|Researchers at Purdue University have developed fast-acting antidotes to reverse cyanide poisoning. Some previous antidotes have involved the use of Pt(II) or Pt(IV) salts formulated with DMSO followed by dilution in phosphate-buffered saline. However, these antidotes are ineffective when administered intramuscularly. The Purdue researchers propose complexes of Pt(II) coordinated with amine and bidentate sulfur ligands. These complexes had enhanced reactivity toward cyanide in vitro and fully recapitulated in vivo cyanide rescue in zebrafish and mouse models. The cyanide addition products yielded tetracyanoplatinate(II), translating to a stoichiometry of 1:4 Pt to each cyanide scavenger. These new agents demonstrate a robust and enhanced potency over the DMSO-containing complexes using intramuscular administration in mouse and rabbit models of cyanide toxicity. Using the zebrafish model with these Pt(II) complexes, no acute cardiotoxicity was detected, and dose levels required to reach lethality were greater than one hundred times the effective dose.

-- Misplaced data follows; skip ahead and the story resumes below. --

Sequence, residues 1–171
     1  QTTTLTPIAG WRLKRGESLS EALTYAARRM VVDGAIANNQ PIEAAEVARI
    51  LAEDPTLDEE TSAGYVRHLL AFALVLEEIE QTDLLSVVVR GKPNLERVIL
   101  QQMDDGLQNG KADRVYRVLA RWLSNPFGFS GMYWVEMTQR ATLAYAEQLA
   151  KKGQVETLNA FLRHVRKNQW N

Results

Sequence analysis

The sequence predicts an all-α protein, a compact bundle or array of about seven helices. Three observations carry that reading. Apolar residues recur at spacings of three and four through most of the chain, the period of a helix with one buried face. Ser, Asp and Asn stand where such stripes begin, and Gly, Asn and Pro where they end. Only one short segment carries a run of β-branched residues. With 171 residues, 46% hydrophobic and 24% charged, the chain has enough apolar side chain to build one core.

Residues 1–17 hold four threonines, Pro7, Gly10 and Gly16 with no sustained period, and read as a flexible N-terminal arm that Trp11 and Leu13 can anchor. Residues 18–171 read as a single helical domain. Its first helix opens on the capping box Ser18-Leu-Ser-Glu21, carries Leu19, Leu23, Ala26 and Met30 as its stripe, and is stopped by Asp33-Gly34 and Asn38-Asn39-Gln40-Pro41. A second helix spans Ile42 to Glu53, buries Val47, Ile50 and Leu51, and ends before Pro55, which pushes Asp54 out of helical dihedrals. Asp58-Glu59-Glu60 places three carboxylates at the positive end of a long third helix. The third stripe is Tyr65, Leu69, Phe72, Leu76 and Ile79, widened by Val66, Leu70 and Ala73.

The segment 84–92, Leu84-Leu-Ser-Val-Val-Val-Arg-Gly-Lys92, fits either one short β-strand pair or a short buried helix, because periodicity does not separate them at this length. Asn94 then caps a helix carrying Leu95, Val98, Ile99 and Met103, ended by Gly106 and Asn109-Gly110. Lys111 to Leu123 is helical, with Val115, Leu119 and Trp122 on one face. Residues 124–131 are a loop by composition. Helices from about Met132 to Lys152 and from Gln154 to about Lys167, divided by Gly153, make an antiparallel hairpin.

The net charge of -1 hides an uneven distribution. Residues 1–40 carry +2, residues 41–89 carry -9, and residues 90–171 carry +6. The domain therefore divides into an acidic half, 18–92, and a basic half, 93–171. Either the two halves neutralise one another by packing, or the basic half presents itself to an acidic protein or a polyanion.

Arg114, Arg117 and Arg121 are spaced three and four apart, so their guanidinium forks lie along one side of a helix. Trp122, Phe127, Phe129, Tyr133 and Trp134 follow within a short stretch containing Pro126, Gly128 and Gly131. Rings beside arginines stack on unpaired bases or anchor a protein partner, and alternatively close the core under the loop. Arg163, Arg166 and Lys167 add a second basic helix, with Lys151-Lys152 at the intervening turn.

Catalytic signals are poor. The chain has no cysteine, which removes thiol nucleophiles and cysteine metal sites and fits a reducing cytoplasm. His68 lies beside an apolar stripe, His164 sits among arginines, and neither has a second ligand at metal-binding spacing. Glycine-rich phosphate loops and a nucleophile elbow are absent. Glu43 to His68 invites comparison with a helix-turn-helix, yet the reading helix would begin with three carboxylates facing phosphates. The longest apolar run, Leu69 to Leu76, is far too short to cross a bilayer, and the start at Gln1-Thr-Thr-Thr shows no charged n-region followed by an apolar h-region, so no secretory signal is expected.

Technology Validation: One of the researchers' compounds recapitulated in vivo cyanide rescue in 5/5 mice and maintained its efficacy 7 days after formulation.
Related Publication: Identification of Platinum(II) Sulfide Complexes Suitable as Intramuscular Cyanide Countermeasures. Chemical Research in Toxicology 2022 35 (11), 1983-1996. DOI: 10.1021/acs.chemrestox.2c00157
- The antidotes are suitable for intramuscular injection
- Complexes coordinate in a 1:4 Pt-to-cyanide ratio, providing higher scavenging action than state-of-the-art
- Many of the antidote complexes are highly water-soluble
- The antidote complexes demonstrated no cardiotoxicity in vivo testing on zebrafish
- Antidotes for cyanide poisoning
Jul 28, 2023
Jul 29, 2022
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